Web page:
‘Mormon Land’: Black priesthood ban didn’t come from God or Joseph Smith

In his new book, Latter-day Saint historian W. Paul Reeve spells out how Brigham Young, in blunt and bigoted language, instituted a racist policy that lasted for more than a century.

In 1833, a leading Latter-day Saint, William W. Phelps, published a column under the headline “Free People of Color,” making it clear that, since its founding three years earlier, The Church of Jesus Christ of Latter-day Saints exercised no racial barriers.

Black members were not only welcome in the fledgling faith but also eligible for all of its rites and privileges.

(Tribune archives) Early Latter-day Saint Black convert Elijah Able, sometimes spelled Abel, was ordained to the priesthood in the faith's early years.

It was a stance that did not sit well with many Missourians at the time and with the racist views scarring much of America in those pre-Civil War days. It’s also a position that did not last inside the church itself.

The faith’s second prophet-president, Brigham Young, eventually departed from the ways of founder Joseph Smith and instituted a ban barring Black Latter-day Saints from priesthood ordinations and temple ordinances.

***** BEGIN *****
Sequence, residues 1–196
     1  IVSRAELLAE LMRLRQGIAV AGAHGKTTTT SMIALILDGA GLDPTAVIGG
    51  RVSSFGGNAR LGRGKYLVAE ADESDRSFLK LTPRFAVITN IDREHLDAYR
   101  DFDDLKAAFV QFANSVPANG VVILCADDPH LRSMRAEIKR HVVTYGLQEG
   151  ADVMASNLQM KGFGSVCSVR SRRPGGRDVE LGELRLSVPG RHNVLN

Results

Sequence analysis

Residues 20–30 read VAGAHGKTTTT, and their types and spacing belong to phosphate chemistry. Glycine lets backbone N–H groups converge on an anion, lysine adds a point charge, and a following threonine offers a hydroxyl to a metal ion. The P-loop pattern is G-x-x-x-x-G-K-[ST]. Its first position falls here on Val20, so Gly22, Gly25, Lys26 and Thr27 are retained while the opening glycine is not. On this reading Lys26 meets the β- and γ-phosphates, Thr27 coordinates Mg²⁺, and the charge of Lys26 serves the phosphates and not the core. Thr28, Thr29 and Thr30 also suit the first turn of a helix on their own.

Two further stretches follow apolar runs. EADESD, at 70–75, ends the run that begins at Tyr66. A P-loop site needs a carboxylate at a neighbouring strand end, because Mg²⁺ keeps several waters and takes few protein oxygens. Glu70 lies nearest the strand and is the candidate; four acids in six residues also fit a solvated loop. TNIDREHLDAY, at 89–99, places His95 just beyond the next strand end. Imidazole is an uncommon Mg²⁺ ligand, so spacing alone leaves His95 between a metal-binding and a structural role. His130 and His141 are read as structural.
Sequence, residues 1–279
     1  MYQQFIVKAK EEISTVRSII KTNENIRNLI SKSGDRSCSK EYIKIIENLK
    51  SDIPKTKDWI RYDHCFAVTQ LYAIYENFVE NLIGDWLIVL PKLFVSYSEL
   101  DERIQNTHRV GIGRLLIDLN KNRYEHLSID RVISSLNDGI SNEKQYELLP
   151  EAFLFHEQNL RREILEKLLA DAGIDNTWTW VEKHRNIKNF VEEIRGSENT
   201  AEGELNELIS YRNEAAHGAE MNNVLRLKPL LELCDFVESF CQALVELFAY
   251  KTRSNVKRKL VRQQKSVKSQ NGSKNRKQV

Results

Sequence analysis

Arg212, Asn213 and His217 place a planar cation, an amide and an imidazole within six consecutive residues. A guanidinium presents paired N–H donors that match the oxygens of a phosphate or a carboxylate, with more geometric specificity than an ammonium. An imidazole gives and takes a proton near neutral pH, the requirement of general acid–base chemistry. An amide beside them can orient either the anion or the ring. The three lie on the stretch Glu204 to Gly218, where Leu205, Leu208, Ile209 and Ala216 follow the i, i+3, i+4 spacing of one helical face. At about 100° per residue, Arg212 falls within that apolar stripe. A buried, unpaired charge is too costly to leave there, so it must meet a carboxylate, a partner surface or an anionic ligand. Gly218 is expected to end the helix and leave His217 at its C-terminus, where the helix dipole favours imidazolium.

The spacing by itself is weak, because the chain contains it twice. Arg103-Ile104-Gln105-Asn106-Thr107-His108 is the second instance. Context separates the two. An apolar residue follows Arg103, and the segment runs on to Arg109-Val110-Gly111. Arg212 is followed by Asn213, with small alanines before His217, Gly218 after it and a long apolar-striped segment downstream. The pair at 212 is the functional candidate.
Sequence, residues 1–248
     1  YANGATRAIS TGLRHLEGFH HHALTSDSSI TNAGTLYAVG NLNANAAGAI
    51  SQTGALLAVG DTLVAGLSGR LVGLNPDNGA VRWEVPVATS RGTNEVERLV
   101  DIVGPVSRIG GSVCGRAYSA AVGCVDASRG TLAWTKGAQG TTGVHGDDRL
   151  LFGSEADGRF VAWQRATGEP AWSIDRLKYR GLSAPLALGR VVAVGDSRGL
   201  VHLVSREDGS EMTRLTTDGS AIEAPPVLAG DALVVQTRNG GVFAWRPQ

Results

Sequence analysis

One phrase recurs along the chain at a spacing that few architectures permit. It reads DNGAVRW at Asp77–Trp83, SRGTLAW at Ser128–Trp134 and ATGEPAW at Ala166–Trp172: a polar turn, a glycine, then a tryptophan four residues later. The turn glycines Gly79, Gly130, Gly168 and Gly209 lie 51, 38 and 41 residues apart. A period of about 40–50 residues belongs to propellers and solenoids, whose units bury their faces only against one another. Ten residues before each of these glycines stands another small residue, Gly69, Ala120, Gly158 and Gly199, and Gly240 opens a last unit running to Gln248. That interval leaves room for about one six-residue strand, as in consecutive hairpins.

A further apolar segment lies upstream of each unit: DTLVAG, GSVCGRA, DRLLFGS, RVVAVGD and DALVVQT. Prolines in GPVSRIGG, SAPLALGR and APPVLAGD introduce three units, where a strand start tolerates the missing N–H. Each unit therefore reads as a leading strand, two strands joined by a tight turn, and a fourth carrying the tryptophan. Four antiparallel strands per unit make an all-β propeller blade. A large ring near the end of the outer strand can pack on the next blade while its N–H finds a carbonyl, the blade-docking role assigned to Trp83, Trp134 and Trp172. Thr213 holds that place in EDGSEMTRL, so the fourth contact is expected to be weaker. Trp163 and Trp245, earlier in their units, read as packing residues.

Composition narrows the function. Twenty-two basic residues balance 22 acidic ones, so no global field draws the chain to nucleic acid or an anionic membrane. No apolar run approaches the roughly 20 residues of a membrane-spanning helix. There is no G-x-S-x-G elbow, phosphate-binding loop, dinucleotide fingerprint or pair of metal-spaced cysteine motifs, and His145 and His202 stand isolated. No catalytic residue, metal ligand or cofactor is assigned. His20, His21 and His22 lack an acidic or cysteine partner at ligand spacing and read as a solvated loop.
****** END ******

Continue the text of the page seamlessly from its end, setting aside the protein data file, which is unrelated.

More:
That prohibition endured for nearly 130 years, a racist stain that the global faith and its members grapple with to this day.

(University of Utah) Historian W. Paul Reeve, author of the newly released book, "Let's Talk About Race and Priesthood."

In his new book, “Let’s Talk About Race and Priesthood,” from church-owned Deseret Book, Latter-day Saint scholar W. Paul Reeve, head of Mormon studies at the University of Utah, relies on historical records and scriptural passages to examine how and why the Utah-based church shifted from an inclusive approach on race to a restricted one and, ultimately, back to its original universalist theology.

In this week’s show, Reeve, who flatly states that he doesn’t believe the former priesthood/temple ban was of “divine origin,” discusses the faith’s evolution on this sensitive topic and the challenges that still lie ahead.

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